Photoshop Sharpening

All digital files, jpeg, or raw require some level of post processing, to achieve film like appearance. this technique is a combination of Smart Objects and the High Pass Filter*. A word of advice, I have NOT used this technique on a print, only screen images, which require different approaches I'm told.

First process your image in your favourite raw processor. Next, duplicate the background layer twice. Now, convert each layer to a smart object. On the top layer, apply the high pass filter at a setting of about 30-50. On the next layer, convert the image to b&w, using black and white converter in image>adjustments. Apply the high pass filter again, this time however, at a much lower setting, say around 1.5 to 3. Now change the layer blending mode to soft light on all layers above the original background layer. hey presto a crisp image with the kind of acutance we've become accustomed to from our years of film use.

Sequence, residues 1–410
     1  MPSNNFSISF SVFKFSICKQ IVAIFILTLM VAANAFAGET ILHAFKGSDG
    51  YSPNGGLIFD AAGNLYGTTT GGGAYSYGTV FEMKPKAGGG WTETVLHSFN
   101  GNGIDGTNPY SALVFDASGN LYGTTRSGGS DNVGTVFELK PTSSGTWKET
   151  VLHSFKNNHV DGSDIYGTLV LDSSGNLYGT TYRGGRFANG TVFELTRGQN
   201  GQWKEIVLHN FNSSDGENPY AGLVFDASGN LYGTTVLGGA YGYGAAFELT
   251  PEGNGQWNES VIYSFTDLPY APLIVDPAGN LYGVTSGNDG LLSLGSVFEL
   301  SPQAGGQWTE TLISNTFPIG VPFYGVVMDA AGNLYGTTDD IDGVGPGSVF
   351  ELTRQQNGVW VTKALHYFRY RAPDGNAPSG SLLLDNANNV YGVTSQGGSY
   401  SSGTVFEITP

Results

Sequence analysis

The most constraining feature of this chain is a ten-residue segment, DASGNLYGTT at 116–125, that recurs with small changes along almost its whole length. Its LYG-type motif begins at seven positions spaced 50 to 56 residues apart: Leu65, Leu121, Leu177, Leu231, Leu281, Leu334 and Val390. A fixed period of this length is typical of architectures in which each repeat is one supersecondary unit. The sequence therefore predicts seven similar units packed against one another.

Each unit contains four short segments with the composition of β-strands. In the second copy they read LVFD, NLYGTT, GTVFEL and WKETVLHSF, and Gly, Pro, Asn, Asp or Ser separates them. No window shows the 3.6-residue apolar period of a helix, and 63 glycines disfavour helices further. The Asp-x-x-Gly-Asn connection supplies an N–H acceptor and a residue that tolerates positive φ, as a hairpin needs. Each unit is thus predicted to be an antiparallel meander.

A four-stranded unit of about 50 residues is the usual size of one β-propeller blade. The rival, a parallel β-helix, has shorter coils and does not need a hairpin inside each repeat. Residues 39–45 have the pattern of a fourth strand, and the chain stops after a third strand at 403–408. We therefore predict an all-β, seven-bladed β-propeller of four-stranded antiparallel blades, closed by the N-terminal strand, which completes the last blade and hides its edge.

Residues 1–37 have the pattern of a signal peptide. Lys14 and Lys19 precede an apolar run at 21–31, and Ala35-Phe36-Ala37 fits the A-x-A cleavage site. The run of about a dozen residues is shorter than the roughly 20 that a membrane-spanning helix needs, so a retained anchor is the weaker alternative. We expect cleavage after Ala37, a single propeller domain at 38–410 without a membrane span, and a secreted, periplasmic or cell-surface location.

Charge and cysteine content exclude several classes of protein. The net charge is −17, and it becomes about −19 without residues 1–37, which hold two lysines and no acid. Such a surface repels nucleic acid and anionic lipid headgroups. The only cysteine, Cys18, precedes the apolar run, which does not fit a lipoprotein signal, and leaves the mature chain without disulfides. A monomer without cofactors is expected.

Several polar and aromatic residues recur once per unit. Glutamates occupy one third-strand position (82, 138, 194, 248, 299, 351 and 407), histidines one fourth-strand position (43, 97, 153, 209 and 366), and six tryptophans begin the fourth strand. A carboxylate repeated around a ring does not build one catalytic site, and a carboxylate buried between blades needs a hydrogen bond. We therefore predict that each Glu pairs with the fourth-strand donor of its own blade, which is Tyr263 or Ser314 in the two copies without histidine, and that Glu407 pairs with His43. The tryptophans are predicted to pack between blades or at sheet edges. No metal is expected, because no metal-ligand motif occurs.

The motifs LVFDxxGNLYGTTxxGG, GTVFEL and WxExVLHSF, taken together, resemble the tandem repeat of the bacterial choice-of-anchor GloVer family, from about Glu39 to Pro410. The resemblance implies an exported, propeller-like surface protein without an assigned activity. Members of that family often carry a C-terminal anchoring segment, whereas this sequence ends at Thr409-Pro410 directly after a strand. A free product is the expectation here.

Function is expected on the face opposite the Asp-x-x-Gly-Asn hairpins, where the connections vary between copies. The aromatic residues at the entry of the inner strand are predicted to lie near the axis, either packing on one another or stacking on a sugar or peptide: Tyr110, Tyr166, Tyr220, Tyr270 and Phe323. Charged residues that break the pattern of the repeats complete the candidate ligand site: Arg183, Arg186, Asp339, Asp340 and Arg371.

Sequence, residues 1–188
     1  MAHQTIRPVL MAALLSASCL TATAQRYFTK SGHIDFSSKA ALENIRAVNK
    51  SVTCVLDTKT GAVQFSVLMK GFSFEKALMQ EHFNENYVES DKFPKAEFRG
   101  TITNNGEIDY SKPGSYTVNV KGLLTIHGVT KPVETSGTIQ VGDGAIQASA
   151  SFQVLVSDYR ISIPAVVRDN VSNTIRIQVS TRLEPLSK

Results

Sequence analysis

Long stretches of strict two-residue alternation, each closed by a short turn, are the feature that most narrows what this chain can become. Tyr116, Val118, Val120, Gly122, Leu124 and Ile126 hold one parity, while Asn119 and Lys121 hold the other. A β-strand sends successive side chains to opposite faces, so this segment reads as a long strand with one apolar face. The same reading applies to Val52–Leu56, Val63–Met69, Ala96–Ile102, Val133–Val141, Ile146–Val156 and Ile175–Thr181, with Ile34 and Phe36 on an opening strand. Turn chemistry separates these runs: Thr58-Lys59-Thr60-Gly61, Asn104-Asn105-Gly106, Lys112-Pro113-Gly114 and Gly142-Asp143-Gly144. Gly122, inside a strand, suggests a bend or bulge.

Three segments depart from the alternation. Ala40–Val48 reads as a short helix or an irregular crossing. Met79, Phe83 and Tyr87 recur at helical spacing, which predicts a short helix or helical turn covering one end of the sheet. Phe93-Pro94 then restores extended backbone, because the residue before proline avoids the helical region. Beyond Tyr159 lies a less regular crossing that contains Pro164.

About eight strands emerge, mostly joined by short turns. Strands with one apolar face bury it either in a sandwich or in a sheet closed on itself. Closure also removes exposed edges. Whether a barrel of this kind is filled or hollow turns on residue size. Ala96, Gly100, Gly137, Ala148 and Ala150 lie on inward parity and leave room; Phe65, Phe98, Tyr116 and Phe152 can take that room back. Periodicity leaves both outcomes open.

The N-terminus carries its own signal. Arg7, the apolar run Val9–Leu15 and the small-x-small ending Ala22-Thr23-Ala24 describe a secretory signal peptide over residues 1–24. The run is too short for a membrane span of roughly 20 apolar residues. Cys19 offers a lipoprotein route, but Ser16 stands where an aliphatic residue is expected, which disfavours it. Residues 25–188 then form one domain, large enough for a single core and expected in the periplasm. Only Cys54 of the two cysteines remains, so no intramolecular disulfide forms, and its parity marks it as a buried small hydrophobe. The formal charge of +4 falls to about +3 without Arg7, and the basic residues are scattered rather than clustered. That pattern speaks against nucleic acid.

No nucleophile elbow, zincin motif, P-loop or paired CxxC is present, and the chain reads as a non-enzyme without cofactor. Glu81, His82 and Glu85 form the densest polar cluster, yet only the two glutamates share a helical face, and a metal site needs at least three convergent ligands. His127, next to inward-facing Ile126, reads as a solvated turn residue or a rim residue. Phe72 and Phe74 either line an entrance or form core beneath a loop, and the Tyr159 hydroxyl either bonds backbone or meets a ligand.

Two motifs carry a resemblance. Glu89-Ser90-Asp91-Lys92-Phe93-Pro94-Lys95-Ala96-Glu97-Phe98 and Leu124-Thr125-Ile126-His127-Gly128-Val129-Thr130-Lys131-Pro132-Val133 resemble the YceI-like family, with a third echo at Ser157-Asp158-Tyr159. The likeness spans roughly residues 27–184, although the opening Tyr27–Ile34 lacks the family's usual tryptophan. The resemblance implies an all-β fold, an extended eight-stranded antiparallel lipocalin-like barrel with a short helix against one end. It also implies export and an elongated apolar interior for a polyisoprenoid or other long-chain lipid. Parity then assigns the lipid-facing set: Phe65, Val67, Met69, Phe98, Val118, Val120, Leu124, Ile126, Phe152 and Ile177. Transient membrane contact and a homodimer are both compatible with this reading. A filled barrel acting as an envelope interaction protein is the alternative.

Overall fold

The original image


The finished image.

photoshop sharpening
Uploaded with plasq's Skitch!

*This technique requires Photoshop CS3, Kent Johnson first showed me this idea, I've tweaked it slightly, as I'm sure others will have.

Less is more, as always, be careful, not to go too far overboard with the sliders, but if you do if you've used smart objects you can edit the setting at a later date, on the un-flattened file. So even without CS3, you can simply apply the high pass filter to the image directly, and the results will be the same, but you won't have the infinite undo-ablitiy that the smart objects allow.

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This page contains a single entry by s2art published on June 14, 2008 4:56 PM.

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